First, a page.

Postby crr003 » Thu Feb 01, 2018 2:36 pm

Horse wrote:
sussex2 wrote:
titian wrote: . . . further training to improve driving standards . . . the Roadcraft


. . . so many are still taught to change gear through the box rather than across it.


That's it - poor gear changing? Really, nothing else?

Psychometric testing prior to Provisional Licence acquisition.

titian
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Re: Motorists should be penalised for going just 1mph over the speed limit, Britain’s road policing chief says

Postby titian » Thu Feb 01, 2018 3:09 pm

Horse said
In comparison with 'what'?


If I remember correctly before the introduction of IPSGA or its equivalent back in the day, police drivers were involed in an accident, on average, every 8,000 miles, following training, accidents happened on average every 40,000 miles - it appears to have worked for them!

The basic "L" test is just that, basic, my wife often remarks that following her passing the "L" test I said "now I'll teach you how to drive". I would suggest something along the lines of having passed the "L" test the individual is given a period of time, maybe upto 12 months during which time they will gain experience and further driving skills sufficient to be equiped to take a further test (maybe at a level short of the IAM basic test) passing which they are awarded a substantive driving licence. Failure to pass would mean they were only allowed to drive when accompanied by a "substantive" licence holder.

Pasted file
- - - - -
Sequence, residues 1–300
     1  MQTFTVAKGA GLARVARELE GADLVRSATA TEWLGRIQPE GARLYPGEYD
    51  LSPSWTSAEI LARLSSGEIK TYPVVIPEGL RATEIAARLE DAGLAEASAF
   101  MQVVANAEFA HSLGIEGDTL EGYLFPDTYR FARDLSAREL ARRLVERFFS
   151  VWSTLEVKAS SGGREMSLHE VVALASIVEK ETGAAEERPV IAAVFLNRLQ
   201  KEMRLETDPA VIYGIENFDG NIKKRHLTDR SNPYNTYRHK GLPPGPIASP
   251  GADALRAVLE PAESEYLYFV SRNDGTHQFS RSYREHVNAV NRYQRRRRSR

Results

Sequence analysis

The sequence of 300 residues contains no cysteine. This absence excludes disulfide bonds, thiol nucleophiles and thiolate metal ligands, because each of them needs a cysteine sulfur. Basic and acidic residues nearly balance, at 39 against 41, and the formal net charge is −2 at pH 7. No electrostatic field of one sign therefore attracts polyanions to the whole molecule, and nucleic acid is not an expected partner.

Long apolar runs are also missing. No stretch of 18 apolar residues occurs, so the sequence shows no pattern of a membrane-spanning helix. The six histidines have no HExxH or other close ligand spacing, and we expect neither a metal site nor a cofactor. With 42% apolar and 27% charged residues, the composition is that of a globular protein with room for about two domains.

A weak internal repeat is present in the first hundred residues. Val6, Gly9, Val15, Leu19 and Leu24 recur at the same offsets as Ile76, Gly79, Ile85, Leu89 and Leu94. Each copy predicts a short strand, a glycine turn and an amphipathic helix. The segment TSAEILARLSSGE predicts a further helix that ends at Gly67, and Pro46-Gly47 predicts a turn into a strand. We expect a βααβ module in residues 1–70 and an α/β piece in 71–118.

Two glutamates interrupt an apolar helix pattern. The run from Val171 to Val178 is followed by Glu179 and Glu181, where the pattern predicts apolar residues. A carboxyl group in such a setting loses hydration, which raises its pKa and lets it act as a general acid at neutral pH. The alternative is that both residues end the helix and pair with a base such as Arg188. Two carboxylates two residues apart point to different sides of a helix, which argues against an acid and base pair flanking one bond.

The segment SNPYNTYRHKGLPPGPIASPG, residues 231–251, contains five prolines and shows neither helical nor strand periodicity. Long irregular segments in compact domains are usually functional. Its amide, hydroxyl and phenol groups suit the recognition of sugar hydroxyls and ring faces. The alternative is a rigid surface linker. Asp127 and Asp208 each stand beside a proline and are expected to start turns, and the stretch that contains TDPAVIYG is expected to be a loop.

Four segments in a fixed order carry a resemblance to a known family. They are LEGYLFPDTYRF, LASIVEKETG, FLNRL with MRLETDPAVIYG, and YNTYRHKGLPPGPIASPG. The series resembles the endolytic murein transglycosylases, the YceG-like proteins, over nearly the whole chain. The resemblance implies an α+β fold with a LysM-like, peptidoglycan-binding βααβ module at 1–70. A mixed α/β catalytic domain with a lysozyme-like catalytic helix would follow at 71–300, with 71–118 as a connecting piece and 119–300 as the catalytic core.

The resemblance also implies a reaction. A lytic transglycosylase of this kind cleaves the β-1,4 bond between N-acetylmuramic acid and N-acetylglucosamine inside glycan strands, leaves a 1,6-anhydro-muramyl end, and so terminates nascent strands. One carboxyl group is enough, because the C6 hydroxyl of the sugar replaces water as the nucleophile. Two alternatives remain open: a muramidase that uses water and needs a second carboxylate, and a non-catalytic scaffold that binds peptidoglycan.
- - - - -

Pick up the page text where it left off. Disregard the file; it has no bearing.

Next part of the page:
Re-tests would be mandatorty in the event of 6 points on the licence or involment in a "significant" your fault accident.

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Horse
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Re: Motorists should be penalised for going just 1mph over the speed limit, Britain’s road policing chief says

Postby Horse » Thu Feb 01, 2018 3:58 pm

crr003 wrote:
Horse wrote:
sussex2 wrote:
titian wrote: . . . further training to improve driving standards . . . the Roadcraft


. . . so many are still taught to change gear through the box rather than across it.


That's it - poor gear changing? Really, nothing else?

Psychometric testing prior to Provisional Licence acquisition.


http://policepsychologyblog.com/?p=6643
How to Pass Your Pre-Employment Psych Screening (without driving yourself nuts) ;)

Possibly no different from cramming for the HC and HPT?

However, there are various conditions, such as ADHD and DCD which might adversely affect driving. Very sharp think end of the wedge if you go there, though . . . are you sure there are no quirks in your personality etc which might catch you out? You could add 'physical' onto the list, so reaction time, colour vision, depth perception, peripheral vision, night vision, dexterity . . .
My own views. For better or worse :)

crr003
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Re: Motorists should be penalised for going just 1mph over the speed limit, Britain’s road policing chief says

Postby crr003 » Thu Feb 01, 2018 4:58 pm

Horse wrote:
crr003 wrote:
Horse wrote:
sussex2 wrote:
. . . so many are still taught to change gear through the box rather than across it.


That's it - poor gear changing? Really, nothing else?

Psychometric testing prior to Provisional Licence acquisition.


http://policepsychologyblog.com/?p=6643
How to Pass Your Pre-Employment Psych Screening (without driving yourself nuts) ;)

Possibly no different from cramming for the HC and HPT?